Zakharov, Marin-Carbonne, Alleon, and Bindeman focus on the oxygen isotope composition of cherts in Chapter 10. They present unpublished data for selected Precambrian cherts that combine bulk rock and in-situ ion microprobe measurements to determine exactly which chemical signals have been preserved in ancient cherts. The combination of high-resolution small-scale data and bulk rock data enabled the disentanglement of the signals from early and late generations of quartz.

Wostbrock and Sharp in Chapter 11 review low-temperature triple oxygen isotope fractionations in the silica-water and carbonate-water systems. Adding 17O to the traditional 18O determination allows the recognition and distinction of equilibrium and disequilibrium fractionation. Furthermore, 17O analysis clearly indicates whether fossil carbonate organisms have preserved their primary depositional information. All samples investigated by the authors clearly indicate a diagenetic overprint.

Chapters 12 and 13 consider the triple oxygen isotope composition of water. In Chapter 12, Surma, Assonov, and Staubwasser summarize 17O excess values of water worldwide and show that the temperature-independent 17O parameter is a powerful tracer for estimating paleohumidity during evaporation of water bodies. Passey and Levin in Chapter 13 apply triple oxygen isotope to the study of water cycles in lakes, plants, and animals. Since leaf and body water have been affected by evaporation, 17O compositions in plants and animals have a characteristic signature, that may be even traced in continental carbonates and biological apatites.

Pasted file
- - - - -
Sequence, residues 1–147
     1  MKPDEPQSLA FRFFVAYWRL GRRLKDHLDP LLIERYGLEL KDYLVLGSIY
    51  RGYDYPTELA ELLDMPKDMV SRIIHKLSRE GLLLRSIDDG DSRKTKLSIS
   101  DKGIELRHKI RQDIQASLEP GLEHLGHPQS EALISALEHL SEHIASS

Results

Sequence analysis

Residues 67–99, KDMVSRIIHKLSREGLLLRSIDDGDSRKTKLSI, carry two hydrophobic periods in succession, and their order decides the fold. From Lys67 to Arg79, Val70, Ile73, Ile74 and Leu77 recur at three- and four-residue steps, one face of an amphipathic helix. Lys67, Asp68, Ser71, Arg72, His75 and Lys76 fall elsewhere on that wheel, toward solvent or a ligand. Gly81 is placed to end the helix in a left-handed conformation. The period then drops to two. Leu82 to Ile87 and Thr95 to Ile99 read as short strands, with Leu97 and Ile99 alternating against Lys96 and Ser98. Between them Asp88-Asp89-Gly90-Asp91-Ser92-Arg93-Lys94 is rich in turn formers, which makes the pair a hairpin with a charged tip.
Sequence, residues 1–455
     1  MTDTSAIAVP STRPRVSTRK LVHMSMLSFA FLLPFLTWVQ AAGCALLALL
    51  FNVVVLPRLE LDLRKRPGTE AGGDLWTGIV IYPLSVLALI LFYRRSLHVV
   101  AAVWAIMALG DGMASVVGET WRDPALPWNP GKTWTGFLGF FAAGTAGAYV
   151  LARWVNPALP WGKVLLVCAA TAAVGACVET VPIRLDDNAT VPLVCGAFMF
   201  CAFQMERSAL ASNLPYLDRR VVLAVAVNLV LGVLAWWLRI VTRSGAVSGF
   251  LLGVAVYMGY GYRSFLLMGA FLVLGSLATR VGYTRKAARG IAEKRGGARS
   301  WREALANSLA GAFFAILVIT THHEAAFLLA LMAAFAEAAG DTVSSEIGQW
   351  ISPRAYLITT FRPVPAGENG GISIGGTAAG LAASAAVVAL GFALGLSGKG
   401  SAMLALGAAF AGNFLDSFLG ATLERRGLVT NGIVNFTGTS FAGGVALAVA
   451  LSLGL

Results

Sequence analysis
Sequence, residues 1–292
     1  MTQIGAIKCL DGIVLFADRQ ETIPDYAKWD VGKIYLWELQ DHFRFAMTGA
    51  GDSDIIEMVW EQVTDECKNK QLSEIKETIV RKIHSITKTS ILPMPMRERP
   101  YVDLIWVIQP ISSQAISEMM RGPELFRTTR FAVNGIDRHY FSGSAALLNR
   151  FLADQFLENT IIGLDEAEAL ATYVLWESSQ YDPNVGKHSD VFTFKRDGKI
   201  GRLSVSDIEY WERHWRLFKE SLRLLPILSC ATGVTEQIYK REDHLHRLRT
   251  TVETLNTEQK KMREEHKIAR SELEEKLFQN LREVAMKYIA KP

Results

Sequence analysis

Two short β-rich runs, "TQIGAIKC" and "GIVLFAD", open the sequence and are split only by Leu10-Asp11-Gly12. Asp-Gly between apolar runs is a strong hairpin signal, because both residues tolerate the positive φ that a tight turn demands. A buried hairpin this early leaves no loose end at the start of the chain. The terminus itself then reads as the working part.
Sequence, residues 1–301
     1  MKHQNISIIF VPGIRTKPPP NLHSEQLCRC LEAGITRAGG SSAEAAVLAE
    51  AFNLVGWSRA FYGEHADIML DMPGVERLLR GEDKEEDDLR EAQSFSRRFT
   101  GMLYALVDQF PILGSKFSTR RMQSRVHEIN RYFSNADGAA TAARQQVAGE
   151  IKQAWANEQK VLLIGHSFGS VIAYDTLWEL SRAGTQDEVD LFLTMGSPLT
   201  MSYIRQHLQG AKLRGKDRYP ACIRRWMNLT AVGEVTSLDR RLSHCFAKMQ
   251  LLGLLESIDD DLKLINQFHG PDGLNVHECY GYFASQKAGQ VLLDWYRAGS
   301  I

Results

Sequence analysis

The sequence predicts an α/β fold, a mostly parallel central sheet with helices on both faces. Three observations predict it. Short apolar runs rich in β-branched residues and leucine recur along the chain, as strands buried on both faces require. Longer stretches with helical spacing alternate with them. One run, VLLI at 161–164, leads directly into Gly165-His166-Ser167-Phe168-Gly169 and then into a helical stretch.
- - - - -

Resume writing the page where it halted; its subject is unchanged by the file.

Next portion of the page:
In the final chapter, Cao and Bao discuss the origin of small 17O variations in low-temperature sulfate. The oxygen isotope composition of sulfate originates from multiple oxygen sources. Large mass-independent 17O fractionations in sulfates may originate from interactions with stratospheric ozone. By examining the small, mass-dependent 17O fractionations in rivers and lakes, the different pathways of sulfur cycling at present and in the geological past may be revealed.

Summarizing, this volume presents a well-balanced overview of the present state of the art of 17O isotope geochemistry across the geosciences. The editors have to be congratulated providing a multi-authored book with articles that are cohesive and have little overlap. As 17O geochemistry will continue to expand and evolve, more applications and new insight into long-standing geological problems can be expected. For students interested in and researchers investigating stable isotopes, the book is an absolute must.